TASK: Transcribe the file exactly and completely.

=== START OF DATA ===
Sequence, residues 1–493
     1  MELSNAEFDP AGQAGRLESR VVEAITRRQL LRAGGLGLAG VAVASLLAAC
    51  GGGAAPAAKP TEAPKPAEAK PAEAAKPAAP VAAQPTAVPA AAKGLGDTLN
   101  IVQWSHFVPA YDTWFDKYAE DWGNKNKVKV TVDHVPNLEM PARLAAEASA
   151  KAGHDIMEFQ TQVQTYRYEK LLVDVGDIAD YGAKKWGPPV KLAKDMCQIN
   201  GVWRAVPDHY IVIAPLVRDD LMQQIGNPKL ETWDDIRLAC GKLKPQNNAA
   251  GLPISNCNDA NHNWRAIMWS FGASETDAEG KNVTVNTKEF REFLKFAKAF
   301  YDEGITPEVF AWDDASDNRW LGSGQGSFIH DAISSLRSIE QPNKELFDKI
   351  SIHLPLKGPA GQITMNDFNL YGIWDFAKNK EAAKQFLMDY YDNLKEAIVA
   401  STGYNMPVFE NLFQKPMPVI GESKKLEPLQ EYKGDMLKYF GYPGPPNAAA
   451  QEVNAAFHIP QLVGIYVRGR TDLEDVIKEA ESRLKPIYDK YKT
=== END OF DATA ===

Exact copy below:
Sequence, residues 1–493
     1  MELSNAEFDP AGQAGRLESR VVEAITRRQL LRAGGLGLAG VAVASLLAAC
    51  GGGAAPAAKP TEAPKPAEAK PAEAAKPAAP VAAQPTAVPA AAKGLGDTLN
   101  IVQWSHFVPA YDTWFDKYAE DWGNKNKVKV TVDHVPNLEM PARLAAEASA
   151  KAGHDIMEFQ TQVQTYRYEK LLVDVGDIAD YGAKKWGPPV KLAKDMCQIN
   201  GVWRAVPDHY IVIAPLVRDD LMQQIGNPKL ETWDDIRLAC GKLKPQNNAA
   251  GLPISNCNDA NHNWRAIMWS FGASETDAEG KNVTVNTKEF REFLKFAKAF
   301  YDEGITPEVF AWDDASDNRW LGSGQGSFIH DAISSLRSIE QPNKELFDKI
   351  SIHLPLKGPA GQITMNDFNL YGIWDFAKNK EAAKQFLMDY YDNLKEAIVA
   401  STGYNMPVFE NLFQKPMPVI GESKKLEPLQ EYKGDMLKYF GYPGPPNAAA
   451  QEVNAAFHIP QLVGIYVRGR TDLEDVIKEA ESRLKPIYDK YKT